Confirmed: Cemiplimab Ups Survival in Recurrent Cervical Cancer

Sharon Worcester

February 09, 2022

Final phase 3 trial results confirm a survival benefit with the immunotherapy cemiplimab (Libtayo) when used for the second-line treatment of recurrent or metastatic cervical cancer.

Cemiplimab is already approved in the United States for certain patients with non-small cell lung cancer and for the treatment of basal cell carcinoma. The drug's manufacturer, Regeneron, is now awaiting approval for the cervical cancer indication, having  announced in September that Libtayo had been accepted by the US Food and Drug Administration for priority review (which means a decision within 6 months).

The results in recurrent cervical cancer were published online today in the New England Journal of Medicine.

They come from the phase 3 randomized, open-label EMPOWER-Cervical 1/GOG-3016/ENGOT-cx9 study comparing cemiplimab given at a dose of 350 mg every 3 weeks with investigator's choice of single-agent chemotherapy in 608 women who had disease progression after first-line, platinum-based chemotherapy.

Overall survival at median follow-up of 18.2 months was significantly longer among those in the cemiplimab group than in the chemotherapy group (median of 12.0 vs. 8.5 months; hazard ratio for death, 0.69). Progression-free survival was also improved (HR for disease progression or death, 0.75).

"In our randomized trial involving patients with recurrent cervical cancer who had disease progression after platinum-containing therapy, cemiplimab showed a benefit with respect to overall survival that was significant and clinically meaningful. The results suggested that some women with recurrent cervical cancer may benefit from therapy with cemiplimab," the authors conclude.

These newly published results mirror those released last year after a second planned interim analysis, as the trial's independent data monitoring committee recommended at that time that the trial be stopped early on the basis of efficacy. Those interim findings, as reported by Medscape Medical News, were presented last May at a virtual plenary session of the European Society of Medical Oncology and concurrently published online in Annals of Oncology.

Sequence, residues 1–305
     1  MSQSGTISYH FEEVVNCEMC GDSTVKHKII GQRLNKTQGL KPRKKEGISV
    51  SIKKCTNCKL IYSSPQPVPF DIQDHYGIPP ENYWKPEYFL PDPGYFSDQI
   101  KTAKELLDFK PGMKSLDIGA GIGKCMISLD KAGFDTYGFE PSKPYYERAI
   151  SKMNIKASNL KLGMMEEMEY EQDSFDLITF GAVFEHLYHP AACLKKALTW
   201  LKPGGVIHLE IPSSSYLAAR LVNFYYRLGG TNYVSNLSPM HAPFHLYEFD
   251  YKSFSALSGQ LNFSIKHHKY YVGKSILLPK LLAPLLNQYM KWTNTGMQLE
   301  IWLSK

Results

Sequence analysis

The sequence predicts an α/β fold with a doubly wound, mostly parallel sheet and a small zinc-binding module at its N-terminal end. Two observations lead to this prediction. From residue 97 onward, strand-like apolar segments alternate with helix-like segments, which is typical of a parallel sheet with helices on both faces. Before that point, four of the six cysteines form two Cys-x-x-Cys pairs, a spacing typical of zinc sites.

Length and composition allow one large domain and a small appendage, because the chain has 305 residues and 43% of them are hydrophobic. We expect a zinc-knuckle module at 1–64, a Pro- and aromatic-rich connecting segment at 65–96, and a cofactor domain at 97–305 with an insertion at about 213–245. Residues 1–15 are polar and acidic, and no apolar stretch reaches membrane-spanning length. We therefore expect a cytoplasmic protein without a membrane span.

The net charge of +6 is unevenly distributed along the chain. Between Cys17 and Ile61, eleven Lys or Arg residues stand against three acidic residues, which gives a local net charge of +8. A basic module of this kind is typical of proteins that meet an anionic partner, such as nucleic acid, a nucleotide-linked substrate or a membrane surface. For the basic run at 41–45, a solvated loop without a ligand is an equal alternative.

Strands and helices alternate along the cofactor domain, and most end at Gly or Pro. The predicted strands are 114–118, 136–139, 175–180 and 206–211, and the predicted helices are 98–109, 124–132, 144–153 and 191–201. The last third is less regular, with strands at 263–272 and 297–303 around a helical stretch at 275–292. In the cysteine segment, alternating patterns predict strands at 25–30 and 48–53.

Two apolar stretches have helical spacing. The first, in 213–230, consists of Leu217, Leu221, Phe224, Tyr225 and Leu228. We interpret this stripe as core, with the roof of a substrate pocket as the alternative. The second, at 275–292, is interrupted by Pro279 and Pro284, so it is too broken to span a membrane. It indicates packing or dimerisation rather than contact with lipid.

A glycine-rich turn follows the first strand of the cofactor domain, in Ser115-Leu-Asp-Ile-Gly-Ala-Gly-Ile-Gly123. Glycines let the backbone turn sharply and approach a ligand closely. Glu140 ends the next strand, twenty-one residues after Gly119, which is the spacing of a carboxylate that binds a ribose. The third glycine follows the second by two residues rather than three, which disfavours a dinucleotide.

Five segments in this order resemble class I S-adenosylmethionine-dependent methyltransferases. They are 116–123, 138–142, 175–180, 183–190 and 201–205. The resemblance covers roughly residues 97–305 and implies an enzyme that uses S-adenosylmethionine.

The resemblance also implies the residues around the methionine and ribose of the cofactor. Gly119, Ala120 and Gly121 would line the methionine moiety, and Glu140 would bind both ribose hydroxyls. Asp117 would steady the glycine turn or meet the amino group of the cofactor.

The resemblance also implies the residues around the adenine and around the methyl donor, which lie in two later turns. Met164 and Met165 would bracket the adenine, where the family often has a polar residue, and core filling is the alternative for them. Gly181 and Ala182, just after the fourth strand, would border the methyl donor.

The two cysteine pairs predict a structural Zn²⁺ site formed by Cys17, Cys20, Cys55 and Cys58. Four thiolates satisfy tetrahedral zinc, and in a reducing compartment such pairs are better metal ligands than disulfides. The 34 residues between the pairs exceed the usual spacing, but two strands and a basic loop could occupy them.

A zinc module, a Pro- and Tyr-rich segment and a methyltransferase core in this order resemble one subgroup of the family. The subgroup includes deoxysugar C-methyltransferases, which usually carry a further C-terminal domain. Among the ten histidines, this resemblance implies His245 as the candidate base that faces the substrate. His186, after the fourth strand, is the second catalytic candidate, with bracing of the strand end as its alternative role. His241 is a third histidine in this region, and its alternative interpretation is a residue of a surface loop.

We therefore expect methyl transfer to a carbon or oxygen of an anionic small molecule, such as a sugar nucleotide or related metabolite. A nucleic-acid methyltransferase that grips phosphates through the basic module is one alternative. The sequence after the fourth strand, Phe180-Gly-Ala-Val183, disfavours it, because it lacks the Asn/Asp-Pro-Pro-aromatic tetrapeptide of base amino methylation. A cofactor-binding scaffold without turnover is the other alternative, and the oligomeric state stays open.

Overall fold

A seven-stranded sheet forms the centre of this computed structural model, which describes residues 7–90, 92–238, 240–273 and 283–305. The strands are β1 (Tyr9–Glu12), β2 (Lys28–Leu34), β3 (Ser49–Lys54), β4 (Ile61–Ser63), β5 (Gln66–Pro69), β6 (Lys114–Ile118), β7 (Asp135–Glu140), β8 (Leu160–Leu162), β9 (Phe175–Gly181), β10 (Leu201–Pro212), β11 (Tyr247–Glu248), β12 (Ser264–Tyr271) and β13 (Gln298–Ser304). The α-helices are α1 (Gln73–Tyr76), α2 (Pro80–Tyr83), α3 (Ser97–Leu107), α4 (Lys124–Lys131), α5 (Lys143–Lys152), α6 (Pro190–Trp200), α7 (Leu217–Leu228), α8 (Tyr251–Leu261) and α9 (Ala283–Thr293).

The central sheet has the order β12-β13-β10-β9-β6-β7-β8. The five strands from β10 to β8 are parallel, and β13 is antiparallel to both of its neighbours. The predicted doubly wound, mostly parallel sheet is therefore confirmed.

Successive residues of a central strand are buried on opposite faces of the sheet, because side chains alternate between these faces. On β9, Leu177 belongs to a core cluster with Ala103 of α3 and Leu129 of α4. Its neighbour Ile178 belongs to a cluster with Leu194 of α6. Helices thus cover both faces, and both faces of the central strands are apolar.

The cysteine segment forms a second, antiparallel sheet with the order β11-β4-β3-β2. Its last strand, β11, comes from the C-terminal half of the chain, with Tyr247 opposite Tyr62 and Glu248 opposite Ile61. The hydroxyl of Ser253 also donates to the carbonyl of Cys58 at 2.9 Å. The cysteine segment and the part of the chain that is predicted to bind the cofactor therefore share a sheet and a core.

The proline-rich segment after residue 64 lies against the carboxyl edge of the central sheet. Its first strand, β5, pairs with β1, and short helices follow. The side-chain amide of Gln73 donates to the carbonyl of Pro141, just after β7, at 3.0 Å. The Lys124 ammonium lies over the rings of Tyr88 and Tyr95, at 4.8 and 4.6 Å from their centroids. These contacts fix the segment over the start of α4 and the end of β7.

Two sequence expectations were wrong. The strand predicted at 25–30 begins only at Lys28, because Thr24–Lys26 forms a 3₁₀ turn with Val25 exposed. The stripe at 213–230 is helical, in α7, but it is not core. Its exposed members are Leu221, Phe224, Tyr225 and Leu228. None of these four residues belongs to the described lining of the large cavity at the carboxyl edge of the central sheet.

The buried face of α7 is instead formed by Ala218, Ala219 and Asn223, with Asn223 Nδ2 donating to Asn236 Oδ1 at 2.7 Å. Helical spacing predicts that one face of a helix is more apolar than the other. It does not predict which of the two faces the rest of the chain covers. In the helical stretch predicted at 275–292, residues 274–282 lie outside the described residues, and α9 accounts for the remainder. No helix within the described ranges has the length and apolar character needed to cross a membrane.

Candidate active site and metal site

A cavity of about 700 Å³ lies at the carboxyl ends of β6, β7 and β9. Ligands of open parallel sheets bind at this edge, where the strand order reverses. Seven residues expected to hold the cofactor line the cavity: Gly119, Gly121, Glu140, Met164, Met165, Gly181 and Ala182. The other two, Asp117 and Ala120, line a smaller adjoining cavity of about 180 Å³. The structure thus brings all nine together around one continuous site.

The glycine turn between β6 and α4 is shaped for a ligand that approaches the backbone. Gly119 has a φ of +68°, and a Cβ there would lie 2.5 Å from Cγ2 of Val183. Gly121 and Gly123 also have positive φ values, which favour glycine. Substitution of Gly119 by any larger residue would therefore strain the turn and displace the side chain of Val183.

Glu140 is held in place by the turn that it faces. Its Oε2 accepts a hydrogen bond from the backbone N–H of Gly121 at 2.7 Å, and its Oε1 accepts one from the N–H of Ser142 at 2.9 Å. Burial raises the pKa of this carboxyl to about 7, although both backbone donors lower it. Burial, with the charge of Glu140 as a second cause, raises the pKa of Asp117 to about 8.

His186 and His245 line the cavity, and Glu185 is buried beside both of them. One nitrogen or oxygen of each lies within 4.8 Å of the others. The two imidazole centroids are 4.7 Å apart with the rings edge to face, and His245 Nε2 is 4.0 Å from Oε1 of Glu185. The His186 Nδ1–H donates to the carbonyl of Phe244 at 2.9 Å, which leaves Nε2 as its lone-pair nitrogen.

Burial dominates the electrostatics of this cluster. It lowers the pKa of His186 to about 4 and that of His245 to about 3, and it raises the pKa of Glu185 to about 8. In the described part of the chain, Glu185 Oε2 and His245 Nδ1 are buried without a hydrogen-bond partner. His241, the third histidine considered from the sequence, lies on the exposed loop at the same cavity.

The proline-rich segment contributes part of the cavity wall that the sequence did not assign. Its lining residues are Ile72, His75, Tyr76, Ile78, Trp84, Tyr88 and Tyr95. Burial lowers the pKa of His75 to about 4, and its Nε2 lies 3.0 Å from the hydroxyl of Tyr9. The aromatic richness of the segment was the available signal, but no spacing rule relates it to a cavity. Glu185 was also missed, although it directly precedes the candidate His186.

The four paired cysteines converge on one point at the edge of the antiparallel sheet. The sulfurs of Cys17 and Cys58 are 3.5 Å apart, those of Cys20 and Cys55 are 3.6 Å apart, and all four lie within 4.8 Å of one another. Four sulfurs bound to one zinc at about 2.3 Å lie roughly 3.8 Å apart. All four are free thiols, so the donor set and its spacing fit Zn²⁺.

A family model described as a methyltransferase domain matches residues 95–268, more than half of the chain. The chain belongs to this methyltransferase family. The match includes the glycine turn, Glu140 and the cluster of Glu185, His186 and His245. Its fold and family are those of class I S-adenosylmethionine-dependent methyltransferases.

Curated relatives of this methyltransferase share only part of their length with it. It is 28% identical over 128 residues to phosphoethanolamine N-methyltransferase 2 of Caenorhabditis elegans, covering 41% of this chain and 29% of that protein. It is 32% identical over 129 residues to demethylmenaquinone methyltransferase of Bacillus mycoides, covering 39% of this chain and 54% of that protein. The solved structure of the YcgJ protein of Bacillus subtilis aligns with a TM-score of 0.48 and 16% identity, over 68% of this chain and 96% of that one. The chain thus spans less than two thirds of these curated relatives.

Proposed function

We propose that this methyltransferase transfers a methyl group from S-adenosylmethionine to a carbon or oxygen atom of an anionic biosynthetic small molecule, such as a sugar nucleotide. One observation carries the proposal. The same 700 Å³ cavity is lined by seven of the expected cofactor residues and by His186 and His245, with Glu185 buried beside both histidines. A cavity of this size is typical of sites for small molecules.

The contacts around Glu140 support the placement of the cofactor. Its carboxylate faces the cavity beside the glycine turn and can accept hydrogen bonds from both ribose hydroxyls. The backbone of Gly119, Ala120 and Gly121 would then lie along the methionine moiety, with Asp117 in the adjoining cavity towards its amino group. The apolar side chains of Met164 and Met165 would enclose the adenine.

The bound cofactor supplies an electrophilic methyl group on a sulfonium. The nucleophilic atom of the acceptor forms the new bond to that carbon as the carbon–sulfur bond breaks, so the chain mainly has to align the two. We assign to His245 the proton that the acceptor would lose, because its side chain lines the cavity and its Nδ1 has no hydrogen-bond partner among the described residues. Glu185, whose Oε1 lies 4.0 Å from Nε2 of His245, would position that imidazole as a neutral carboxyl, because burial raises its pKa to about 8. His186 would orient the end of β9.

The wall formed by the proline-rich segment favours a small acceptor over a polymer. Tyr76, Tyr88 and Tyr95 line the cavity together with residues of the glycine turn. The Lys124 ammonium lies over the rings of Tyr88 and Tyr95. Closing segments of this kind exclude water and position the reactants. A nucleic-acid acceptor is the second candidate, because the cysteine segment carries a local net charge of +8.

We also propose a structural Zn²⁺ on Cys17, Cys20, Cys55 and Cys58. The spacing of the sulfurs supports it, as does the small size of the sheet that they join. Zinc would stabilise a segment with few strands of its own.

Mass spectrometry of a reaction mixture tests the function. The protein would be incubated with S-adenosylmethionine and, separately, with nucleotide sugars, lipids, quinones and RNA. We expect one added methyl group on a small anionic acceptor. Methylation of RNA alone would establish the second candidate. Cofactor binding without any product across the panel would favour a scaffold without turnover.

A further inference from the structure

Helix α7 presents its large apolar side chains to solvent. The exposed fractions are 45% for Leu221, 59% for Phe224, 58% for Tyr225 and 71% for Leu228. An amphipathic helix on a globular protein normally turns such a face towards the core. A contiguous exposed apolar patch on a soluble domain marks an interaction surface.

Objective response rates (ORRs) in the overall population were 16.4% vs 6.3% in the cemiplimab and chemotherapy groups, respectively. The ORRs were 18% vs 11% in patients with PD ligand-1 expression ≥1% vs those with PD-L1 expression <1%, respectively.

Grade 3 or higher adverse events occurred in 45% vs 53.4% of those in the cemiplimab and chemotherapy groups, respectively.

"Cemiplimab can provide a new standard of care treatment option for this population associated with a very poor prognosis," first author Krishnansu S. Tewari, MD, commented when presenting the interim findings. Tewari is director of the Division of Gynecologic Oncology, Obstetrics and Gynecology at the University of California, Irvine,

Discussant Mansoor Raza Mirza, MD, chief oncologist at Copenhagen University Hospital, Copenhagen, Denmark, added that the "impressive" interim results marked "the beginning of a new era in cervical cancer drug development and improved patient outcomes."

The EMPOWER-Cervical trial was funded by Regeneron Pharmaceuticals, Inc and Sanofi. Tewari reported financial relationships with Genentech, Tesaro, Clovis, AstraZeneca, Merck, AbbVie, Morphotek, and Regeneron Pharmaceuticals, Inc.

N Engl J Med. Published online February 9, 2022. Abstract

Sharon Worcester is an award-winning medical journalist at MDedge News, part of the Medscape Professional Network.

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